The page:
What Android (Google’s Mobile OS) Means for Windows Mobile

The Open Handset Alliance may be bigger than you thought in terms of the number of powerful companies that are a part of it. You may know about Google, Motorola, Qualcomm, T-Mobile, and HTC, but add to that list Intel, Sprint, LG, Samsung, NVIDIA, and Texas Instruments. This list of companies includes just about every major player in the handset hardware and distribution arena. This is a big effort.

I was listening to a podcast from msmobiles, which was an interview with the Vice President of Sales and Marketing for HTC in North American, Jason Mackenzie. When asked if HTC is changing their devotion to the Windows Mobile platform, Jason stressed that HTC’s involvement in the OHA is simply to diversify their product offering, and to be able to hit a new type of consumer, that is, those that aren’t interested in Windows Mobile.

I think Microsoft saw this coming. Every time I listen to a Microsoft MVP webcast or get a demonstration of something new from a product manager from the Windows Mobile division, it becomes more and more clear that their focus is shifting to the enterprise. Microsoft wants there to be an Exchange server in every corporate environment, with every employee having a Windows Mobile device tethered to their ear. Blackberry has the majority share of the corporate device market, and Microsoft is chasing after a significant chunk of this market. They are succeeding. The release of Mobile Device Manager in 2008 will give corporations another reason to switch to Windows Mobile as it adds unprecedented levels of control to a company’s fleet of devices.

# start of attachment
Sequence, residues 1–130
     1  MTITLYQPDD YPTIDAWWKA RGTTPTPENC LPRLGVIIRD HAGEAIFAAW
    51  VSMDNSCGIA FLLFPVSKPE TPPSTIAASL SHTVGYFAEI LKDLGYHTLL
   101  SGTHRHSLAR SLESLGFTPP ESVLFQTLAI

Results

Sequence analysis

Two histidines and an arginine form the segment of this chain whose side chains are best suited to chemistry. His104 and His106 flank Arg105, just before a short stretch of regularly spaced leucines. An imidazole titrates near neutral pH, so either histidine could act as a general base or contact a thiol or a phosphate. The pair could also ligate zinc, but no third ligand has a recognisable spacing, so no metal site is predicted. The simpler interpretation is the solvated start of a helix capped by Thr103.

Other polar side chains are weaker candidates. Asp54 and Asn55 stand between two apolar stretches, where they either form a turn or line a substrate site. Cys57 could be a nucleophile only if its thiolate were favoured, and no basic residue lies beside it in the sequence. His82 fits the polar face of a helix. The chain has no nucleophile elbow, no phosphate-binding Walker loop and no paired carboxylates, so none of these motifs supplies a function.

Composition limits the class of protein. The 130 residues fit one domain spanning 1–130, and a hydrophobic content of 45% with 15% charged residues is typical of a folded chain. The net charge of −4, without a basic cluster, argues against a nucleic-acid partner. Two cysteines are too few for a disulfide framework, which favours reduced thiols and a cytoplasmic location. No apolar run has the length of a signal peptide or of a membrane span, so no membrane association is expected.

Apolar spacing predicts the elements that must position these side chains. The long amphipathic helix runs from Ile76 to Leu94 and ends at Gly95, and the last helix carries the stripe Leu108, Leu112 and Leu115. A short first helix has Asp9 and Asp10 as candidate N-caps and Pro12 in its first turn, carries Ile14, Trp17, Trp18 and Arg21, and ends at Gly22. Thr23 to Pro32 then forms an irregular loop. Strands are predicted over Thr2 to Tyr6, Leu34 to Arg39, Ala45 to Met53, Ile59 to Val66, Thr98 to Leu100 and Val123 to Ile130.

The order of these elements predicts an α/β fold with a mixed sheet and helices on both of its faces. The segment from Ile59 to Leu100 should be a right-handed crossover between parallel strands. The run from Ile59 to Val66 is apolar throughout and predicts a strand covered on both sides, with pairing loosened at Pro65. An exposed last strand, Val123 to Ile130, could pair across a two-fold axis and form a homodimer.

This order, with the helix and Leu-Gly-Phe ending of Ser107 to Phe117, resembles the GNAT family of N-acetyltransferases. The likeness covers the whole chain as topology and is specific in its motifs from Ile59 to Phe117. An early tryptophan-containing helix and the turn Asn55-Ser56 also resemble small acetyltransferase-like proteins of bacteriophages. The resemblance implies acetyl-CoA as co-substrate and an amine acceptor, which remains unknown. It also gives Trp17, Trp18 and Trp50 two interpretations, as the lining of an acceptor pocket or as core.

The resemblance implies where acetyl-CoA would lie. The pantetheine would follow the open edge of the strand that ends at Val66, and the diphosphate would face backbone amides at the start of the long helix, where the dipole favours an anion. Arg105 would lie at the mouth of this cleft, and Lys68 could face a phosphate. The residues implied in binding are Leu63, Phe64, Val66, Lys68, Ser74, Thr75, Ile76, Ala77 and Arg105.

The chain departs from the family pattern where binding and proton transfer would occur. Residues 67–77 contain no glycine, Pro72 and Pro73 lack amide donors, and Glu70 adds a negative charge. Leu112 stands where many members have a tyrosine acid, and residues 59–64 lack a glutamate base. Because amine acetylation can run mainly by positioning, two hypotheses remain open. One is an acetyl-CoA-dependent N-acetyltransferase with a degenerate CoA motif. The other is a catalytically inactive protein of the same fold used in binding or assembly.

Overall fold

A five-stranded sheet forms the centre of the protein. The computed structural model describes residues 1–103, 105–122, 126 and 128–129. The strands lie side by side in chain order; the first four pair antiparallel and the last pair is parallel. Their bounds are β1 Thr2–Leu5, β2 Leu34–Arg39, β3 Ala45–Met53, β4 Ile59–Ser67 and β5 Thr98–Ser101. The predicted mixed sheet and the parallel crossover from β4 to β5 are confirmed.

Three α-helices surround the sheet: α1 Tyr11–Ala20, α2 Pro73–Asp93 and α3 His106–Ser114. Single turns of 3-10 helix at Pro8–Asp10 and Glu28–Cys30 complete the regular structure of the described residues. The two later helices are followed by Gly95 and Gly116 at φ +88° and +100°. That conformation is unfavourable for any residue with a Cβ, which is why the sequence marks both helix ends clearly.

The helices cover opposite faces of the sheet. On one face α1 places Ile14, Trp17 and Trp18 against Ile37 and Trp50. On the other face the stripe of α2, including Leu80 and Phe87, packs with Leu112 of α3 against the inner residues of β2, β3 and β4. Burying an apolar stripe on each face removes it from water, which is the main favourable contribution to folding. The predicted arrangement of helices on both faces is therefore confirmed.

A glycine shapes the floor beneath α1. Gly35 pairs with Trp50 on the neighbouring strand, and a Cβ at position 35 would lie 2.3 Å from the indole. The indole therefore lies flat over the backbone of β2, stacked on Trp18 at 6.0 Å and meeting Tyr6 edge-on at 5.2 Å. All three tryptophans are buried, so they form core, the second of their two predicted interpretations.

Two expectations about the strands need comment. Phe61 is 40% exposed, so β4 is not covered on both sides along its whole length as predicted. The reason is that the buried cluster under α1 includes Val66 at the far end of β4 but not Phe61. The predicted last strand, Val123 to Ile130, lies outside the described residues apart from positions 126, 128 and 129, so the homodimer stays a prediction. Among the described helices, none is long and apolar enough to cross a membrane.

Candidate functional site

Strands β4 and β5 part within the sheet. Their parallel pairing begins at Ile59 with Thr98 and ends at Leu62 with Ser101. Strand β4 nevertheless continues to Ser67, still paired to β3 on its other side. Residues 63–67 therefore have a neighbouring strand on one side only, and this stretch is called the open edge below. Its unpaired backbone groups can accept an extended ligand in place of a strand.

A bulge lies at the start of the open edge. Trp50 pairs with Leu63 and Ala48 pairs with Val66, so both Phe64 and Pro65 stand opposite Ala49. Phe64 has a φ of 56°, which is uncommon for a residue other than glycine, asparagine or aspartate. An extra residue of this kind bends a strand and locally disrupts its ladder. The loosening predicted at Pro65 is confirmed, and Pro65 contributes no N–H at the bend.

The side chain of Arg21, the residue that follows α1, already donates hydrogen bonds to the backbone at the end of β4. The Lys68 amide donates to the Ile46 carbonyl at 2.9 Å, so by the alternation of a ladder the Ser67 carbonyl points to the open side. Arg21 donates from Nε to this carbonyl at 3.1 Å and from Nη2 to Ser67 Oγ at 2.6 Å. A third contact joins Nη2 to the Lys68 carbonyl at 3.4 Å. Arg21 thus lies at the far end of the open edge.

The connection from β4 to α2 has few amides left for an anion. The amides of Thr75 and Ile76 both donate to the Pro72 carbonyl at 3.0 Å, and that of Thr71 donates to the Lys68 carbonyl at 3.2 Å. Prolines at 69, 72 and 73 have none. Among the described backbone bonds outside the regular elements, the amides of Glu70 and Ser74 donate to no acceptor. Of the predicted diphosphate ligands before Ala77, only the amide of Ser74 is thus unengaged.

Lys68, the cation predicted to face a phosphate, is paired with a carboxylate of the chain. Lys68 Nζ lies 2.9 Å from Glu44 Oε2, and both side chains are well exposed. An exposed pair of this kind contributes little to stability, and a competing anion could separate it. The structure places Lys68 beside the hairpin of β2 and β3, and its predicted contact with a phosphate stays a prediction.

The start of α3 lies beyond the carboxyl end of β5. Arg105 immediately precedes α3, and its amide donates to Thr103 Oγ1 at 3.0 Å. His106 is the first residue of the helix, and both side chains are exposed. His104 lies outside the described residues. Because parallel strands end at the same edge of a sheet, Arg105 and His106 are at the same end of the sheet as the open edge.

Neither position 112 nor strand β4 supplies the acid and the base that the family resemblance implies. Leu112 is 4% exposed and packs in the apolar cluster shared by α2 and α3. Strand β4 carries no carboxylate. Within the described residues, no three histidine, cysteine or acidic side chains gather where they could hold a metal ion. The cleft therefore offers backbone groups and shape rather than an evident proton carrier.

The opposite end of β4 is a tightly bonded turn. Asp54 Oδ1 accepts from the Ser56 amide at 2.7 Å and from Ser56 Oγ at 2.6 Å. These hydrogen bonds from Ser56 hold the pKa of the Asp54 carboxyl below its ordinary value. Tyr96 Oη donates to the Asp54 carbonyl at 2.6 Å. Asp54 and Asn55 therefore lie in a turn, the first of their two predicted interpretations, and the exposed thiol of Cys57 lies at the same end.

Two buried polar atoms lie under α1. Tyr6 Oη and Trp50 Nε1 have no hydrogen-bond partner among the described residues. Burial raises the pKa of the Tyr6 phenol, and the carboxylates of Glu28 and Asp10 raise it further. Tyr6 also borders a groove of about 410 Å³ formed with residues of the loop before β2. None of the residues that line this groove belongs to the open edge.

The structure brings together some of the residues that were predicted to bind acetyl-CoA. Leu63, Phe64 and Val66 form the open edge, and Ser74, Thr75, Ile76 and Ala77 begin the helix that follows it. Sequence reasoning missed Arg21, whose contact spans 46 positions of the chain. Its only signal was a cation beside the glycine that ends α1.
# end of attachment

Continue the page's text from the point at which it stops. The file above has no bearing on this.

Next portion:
The truth is, Windows Mobile isn’t as consumer-friendly as the iPhone or even Palm OS. It’s not the easiest to use, and it’s not very customizable (though with third-party software, you get a lot of choices). Devices powered by the Android OS are likely to be much less expensive (since the OS will have a $0 licensing fee) and will be supported by a huge community of professional and amateur developers, so we’ll see a level of customization be possible that we haven’t seen on any mobile platform to date.

As Android comes onto the scene, I think we’re bound to see fewer non-business devices like the HTC Touch go to market, as Microsoft hones its focus on the enterprise.

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About The Author
Brandon Miniman
Brandon is a graduate from the Villanova School of Business, located near Philadelphia, PA. He's been a technology writer since 2002, and, in 2005, became Editor-in-Chief of Pocketnow, a then Windows Mobile-focused website. He has since helped to transition Pocketnow into a top-tier smartphone and tablet publication. He's so obsessed with technology that he once entered a candle store and asked if they had a "new electronics" scent. They didn't.